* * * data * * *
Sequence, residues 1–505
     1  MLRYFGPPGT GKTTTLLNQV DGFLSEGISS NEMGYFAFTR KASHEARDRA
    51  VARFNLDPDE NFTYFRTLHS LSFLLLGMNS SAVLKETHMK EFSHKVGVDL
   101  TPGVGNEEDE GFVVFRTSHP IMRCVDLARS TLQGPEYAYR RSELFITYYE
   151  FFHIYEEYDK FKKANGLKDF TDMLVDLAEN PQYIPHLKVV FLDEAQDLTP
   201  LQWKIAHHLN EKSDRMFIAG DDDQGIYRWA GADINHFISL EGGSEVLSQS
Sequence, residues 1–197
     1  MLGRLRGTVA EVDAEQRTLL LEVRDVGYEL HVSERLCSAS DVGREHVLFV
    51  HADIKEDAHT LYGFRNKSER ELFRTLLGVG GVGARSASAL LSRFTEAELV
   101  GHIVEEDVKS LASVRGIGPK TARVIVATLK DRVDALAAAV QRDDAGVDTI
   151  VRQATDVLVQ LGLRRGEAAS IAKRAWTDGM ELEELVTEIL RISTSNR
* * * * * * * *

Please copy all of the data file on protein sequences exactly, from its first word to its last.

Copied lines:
Sequence, residues 1–505
     1  MLRYFGPPGT GKTTTLLNQV DGFLSEGISS NEMGYFAFTR KASHEARDRA
    51  VARFNLDPDE NFTYFRTLHS LSFLLLGMNS SAVLKETHMK EFSHKVGVDL
   101  TPGVGNEEDE GFVVFRTSHP IMRCVDLARS TLQGPEYAYR RSELFITYYE
   151  FFHIYEEYDK FKKANGLKDF TDMLVDLAEN PQYIPHLKVV FLDEAQDLTP
   201  LQWKIAHHLN EKSDRMFIAG DDDQGIYRWA GADINHFISL EGGSEVLSQS
Sequence, residues 1–197
     1  MLGRLRGTVA EVDAEQRTLL LEVRDVGYEL HVSERLCSAS DVGREHVLFV
    51  HADIKEDAHT LYGFRNKSER ELFRTLLGVG GVGARSASAL LSRFTEAELV
   101  GHIVEEDVKS LASVRGIGPK TARVIVATLK DRVDALAAAV QRDDAGVDTI
   151  VRQATDVLVQ LGLRRGEAAS IAKRAWTDGM ELEELVTEIL RISTSNR